Uncertain Tax Positions

16


The Company is currently undergoing U.S. federal income tax audits for the tax years 2016 and 2017. Also, fiscal years 2004 through 2018 remain open to examination by multiple foreign and U.S. state taxing jurisdictions. As of March 28, 2020, no significant uncertain tax positions are expected to be settled within the next twelve months. Due to uncertainties in any tax audit or litigation outcome, the Company’s estimates of the ultimate settlements of uncertain tax positions may change and the actual tax benefits may differ significantly from estimates.

Note 12 Earnings Per Share

Basic net earnings per share is calculated by dividing net income by the weighted average number of common shares outstanding for the period. Diluted earnings per share is computed by dividing net income by the weighted average number of shares assuming dilution. Dilutive common shares outstanding is computed using the Treasury Stock method and, in periods of income, reflects the additional shares that would be outstanding if dilutive stock options were exercised for common shares during the period.

Earnings per share (in millions, except share data):
  Three Months Ended
  March 28,
2020

March 30,
2019
Basic:    
Net income $89
 $115
Weighted-average shares outstanding 53,760,873
 53,905,426
Basic earnings per share $1.66
 $2.14
     
Diluted:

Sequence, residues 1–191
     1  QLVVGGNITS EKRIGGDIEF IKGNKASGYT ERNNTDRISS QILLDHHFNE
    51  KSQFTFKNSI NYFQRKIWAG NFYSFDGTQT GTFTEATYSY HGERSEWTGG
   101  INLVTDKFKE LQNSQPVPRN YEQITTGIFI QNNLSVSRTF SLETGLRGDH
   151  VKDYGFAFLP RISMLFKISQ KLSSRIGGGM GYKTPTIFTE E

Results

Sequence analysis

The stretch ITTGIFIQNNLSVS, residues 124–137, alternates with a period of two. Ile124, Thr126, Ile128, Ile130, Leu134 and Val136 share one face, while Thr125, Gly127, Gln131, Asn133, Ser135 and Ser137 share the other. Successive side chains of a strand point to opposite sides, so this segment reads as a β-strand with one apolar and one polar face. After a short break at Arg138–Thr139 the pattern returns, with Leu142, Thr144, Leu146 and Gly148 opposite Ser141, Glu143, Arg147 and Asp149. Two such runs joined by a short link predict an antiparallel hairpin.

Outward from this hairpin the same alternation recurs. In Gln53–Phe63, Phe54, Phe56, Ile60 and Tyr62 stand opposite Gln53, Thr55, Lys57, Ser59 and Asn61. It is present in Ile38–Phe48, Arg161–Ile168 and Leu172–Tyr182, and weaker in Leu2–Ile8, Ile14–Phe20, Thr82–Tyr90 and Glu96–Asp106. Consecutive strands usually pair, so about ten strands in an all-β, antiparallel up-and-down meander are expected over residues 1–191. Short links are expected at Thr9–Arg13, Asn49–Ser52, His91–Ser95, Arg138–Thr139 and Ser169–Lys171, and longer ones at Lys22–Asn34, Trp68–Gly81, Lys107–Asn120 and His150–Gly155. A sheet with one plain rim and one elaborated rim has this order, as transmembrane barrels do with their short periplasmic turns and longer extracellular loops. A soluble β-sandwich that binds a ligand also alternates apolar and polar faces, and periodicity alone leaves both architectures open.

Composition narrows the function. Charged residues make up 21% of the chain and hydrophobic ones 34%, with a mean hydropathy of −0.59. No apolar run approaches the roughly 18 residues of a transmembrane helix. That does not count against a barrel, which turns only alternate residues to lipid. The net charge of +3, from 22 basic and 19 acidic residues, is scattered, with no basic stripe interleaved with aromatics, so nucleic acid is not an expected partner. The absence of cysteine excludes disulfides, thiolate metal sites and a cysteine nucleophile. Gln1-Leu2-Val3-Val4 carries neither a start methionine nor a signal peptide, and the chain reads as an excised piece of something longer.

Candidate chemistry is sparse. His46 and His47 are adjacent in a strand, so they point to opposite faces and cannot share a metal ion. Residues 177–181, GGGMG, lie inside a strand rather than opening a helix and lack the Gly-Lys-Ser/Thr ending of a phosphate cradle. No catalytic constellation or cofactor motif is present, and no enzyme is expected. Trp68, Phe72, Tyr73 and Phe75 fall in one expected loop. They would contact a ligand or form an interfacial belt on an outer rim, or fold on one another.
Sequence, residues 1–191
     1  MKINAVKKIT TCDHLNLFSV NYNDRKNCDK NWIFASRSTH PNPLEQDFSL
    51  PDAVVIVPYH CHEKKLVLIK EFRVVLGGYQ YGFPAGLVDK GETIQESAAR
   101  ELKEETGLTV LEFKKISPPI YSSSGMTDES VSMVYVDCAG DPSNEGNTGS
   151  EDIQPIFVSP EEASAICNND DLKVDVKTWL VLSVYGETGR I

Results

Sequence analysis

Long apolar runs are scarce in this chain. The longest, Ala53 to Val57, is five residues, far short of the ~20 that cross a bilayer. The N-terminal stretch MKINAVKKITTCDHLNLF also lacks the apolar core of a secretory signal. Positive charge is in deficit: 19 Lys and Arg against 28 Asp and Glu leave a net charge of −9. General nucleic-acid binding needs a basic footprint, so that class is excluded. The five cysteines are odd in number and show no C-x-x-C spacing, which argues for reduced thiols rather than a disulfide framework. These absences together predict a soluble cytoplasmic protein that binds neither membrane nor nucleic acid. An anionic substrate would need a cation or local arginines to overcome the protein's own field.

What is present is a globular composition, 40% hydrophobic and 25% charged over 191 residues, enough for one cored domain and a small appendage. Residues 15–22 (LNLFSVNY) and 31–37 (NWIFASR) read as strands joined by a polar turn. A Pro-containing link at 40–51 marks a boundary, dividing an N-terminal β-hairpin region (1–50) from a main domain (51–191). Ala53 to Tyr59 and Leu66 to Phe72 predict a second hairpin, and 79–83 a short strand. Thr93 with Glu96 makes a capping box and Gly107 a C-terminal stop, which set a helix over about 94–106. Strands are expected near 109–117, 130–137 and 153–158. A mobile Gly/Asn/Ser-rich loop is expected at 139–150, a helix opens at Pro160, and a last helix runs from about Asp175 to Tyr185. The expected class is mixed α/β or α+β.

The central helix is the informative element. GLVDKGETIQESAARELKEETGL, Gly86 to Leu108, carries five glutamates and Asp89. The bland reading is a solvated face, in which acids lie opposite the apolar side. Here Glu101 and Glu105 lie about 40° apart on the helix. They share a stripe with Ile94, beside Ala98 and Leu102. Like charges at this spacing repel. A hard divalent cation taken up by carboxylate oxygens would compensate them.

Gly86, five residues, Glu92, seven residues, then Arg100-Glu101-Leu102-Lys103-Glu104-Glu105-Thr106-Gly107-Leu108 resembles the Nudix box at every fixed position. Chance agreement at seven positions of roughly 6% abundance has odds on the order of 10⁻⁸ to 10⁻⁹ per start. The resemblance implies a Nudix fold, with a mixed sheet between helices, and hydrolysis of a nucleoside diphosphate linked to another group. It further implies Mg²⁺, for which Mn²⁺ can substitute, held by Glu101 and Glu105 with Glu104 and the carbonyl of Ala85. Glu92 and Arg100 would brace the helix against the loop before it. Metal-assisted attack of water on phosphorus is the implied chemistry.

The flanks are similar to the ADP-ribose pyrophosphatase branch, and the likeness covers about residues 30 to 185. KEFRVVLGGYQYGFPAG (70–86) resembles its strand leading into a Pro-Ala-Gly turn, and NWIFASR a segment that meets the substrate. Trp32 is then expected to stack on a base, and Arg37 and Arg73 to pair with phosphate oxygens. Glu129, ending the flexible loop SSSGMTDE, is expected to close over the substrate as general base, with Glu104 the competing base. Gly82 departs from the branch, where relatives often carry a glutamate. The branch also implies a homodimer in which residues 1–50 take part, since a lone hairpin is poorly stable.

Net income $89
 $115
Weighted-average shares outstanding 53,760,873
 53,905,426
Dilutive shares 557,171
 649,442
Diluted weighted-average shares outstanding 54,318,044
 54,554,868
Diluted earnings per share $1.65
 $2.12


Anti-dilutive options to purchase common shares are excluded from diluted earnings per share calculations. Anti-dilutive options consist primarily of stock appreciation rights with an exercise price greater than the average market closing price of the Class A Common Stock. There were 68,554 and 86,067 shares that were anti-dilutive for the three months ended March 28, 2020 and March 30, 2019, respectively.

Note 13 Accumulated Other Comprehensive Income (Loss)

Stockholders’ equity includes certain items classified as AOCI, including:

Unrealized gain on anticipated sales hedging transactions relates to derivative instruments used to hedge the exposure related to currency exchange rates for forecasted Euro sales. These hedges are designated as cash flow hedges, and the Company defers income statement recognition of gains and losses until the hedged transaction occurs. See Note 8, Derivative Instruments for more details.

Foreign currency translation adjustments relate to the Company’s non-U.S. subsidiary companies that have designated a functional currency other than the U.S. Dollar. The Company is required to translate the subsidiary functional currency financial statements to U.S. Dollars using a combination of historical, period end, and average foreign exchange rates. This combination of rates creates the foreign currency translation adjustment component of AOCI.